Peninsular Malaysia has a modern, comfortable and economical railway line that runs from Singapore to Kuala Lumpur and then continues to Butterworth and the border of Thailand.


Metered taxes are easy to find in the major cities and rides can also be booked via the Grab mobile app or a local equivalent.


This traditional mode of transport can still be found in designated heritage areas of Malaysia, such as Penang and Malacca, and offer a unique way to explore and experience the destination.


Malaysia is a multicultural society with Islam as the dominant religion, with 61 per cent of the population adherents of this faith. The constitution guarantees religious freedom for many other faiths and relations between different religious groups are harmonious and tolerant. Christmas, Chinese New Year and Deepavali have all been declared national holidays alongside Islamic holidays. The large Chinese population practices a mixture of beliefs, with influences from traditional religions followed in China such as Buddhism and Daoism. Hinduism is followed by many of Malaysia’s Indians. Influences from its colonial past will also see many Christians still practicing their religion across the country.

Malaysia’s culinary tradition reflects the waves of immigration, settlement and assimilation that brought uniquely delicious flavours from its multicultural Malay, Indian, Chinese and Eurasian population. Primarily consisting of Malay, Chinese and Indian influences, Malaysian cuisine also has its hybrids derived from cross cultural influences such as Mamak (Indian-Muslim) and Nyonya (the Malay-Chinese mix). A Malay meal always revolves around rice, accompanied by curries, fried chicken or fish, vegetable dishes, and small portions of condiments, called sambal.

Common local dishes:

  • Satay – Delicious barbecued skewers of marinated chicken, beef, or mutton dipped in a peanut sauce;
  • Ikan bakar – Fish covered in chilli sauce and grilled in foil over an open flame;
  • Nasi lemak – Made with rice cooked in coconut milk and served with fried chicken, prawn crackers, dried anchovies, egg and a dark, sweet chilli sauce.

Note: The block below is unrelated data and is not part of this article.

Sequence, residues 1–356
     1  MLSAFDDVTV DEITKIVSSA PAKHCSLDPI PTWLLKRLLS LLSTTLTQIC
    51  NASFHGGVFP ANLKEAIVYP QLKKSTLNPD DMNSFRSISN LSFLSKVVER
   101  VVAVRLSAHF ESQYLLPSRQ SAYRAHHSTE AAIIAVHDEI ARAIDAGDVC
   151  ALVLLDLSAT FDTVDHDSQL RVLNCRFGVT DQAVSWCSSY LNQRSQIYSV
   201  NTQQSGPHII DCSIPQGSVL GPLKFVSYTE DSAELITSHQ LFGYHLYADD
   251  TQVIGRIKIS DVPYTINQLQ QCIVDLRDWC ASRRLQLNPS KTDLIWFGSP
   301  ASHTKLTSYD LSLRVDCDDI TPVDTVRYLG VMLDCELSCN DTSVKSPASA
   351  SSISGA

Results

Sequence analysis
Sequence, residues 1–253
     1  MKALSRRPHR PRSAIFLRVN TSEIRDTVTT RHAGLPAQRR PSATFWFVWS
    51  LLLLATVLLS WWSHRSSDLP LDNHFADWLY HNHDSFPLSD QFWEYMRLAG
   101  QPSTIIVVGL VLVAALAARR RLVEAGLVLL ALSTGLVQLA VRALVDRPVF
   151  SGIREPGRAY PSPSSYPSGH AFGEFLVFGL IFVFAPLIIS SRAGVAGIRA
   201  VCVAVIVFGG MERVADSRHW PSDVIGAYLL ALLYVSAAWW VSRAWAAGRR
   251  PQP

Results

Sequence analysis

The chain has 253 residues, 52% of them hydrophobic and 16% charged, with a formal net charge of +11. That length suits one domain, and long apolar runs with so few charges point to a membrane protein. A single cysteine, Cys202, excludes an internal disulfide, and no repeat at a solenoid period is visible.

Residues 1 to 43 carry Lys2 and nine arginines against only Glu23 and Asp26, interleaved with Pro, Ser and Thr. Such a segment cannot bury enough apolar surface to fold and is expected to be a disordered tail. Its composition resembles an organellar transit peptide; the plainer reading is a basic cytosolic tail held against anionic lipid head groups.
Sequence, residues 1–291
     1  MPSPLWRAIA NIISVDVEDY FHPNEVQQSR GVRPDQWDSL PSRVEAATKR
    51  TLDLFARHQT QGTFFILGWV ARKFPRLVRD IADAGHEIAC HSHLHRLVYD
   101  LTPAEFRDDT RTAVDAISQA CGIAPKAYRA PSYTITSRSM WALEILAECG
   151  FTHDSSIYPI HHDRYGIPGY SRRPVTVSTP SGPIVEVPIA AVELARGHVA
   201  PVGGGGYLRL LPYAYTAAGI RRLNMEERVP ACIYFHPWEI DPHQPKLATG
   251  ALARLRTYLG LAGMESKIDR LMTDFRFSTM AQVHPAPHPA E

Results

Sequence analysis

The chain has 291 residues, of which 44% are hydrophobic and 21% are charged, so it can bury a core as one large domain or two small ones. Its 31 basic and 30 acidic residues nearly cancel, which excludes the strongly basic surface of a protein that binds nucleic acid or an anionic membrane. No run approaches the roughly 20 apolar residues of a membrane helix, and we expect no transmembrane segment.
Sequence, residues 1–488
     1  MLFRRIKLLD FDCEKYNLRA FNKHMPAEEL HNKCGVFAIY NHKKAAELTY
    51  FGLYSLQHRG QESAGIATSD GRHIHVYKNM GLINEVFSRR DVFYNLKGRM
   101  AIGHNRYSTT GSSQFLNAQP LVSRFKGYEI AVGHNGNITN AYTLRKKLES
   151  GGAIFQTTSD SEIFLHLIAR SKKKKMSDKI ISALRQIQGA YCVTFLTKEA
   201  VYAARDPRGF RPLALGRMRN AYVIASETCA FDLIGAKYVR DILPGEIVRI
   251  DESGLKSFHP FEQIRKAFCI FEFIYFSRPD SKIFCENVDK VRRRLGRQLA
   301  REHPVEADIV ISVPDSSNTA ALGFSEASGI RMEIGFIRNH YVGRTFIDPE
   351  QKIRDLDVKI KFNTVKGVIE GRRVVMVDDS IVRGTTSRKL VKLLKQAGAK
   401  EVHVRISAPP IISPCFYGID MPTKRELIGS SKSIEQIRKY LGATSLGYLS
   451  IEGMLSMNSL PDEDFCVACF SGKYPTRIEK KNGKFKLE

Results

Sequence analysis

Malaysia is a shopper’s paradise; the capital Kuala Lumpur already has well over 20 large malls with most of them concentrated within the “Golden Triangle”, near Bukit Bintang. Shopping malls are usually open throughout the week from 10 am until 10 pm.

Traditional markets, also called wet markets, are a great source for fresh meats, fruits and vegetables, spices and other basic local ingredients. It is best to visit these markets in the early morning to get the freshest produce.

Kuala Lumpur, Johor Bahru, Penang and Genting Highlands are the best places for a modern shopping experience while cultural handicrafts can be found in Malacca and the East Coast of Peninsular Malaysia. Langkawi Island, Tioman Island and Labuan Island are duty-free zones that are popular for their alcohol and chocolates.

What to buy:

  • Malay batik and traditional garments;
  • Hand-crafted wooden baskets;
  • Pewter ware and brassware;
  • Pottery and painted tiles;
  • Malay kites (wan bulan).
Proof of yellow fever vaccination is required if you have recently travelled to a country where the disease is present.

There are currently no other vaccine requirements, although it is advisable to be up-to-date with standard inoculations, such as:

  • Typhoid;
  • Cholera;
  • Hepatitis A and B;
  • Polio, diphtheria and tetanus;
  • Malaria and dengue (especially if travelling to remote areas).

Consult your doctor for the most appropriate medical advice. If you require a particular medication, ensure that you pack an adequate supply, as it may not be available locally.

Various biting bugs, leeches, parasites and venomous snakes are found in Malaysia’s rugged jungles so use insect repellent, don’t walk barefoot and take sensible precautions to avoid bites and stings if you embark on a jungle adventure.

Drinking water

Tap water in the capital of Kuala Lumpur is potable, but most locals prefer bottled or filtered water. Bottled mineral water is easy to find at convenience stores around the country. Ice cubes are typically safe if served at a hotel or restaurant, but best avoided at street stalls and in remote parts of the country.

Malaysia is a safe country to visit. However, it is advisable to take some precautions to safeguard your belongings:

  • Never leave items unattended;
  • Maintain a firm grip on bags and wallets, especially in crowded places and on busy streets;
  • Leave expensive jewellery at home and store valuables in the hotel safety deposit box or in-room safe;
  • Avoid engaging with touts who approach you in the street.
Travellers are advised to obtain appropriate insurance to cover any accidents or medical emergencies while travelling. In some cases, treatment will not be administered without proof of travel insurance. Ensure that your plan covers motor vehicle accidents if you plan to hire a car or motorbike. Emergency evacuation cover is highly recommended as you may have to fly out of the country for treatment.
Emergency numbers
Call 999 for all emergencies.


This information was valid at the time of publication and it is subject to change at any time. We cannot be held responsible for any external links. You acknowledge, by your use of this site, that you use it at your own risk and that Asian Trails shall not be liable for any damages of any kind related to your use of this site, or the information contained within. We reserve the right to correct any errors, inaccuracies or omissions and to change or update information at any time without prior notice.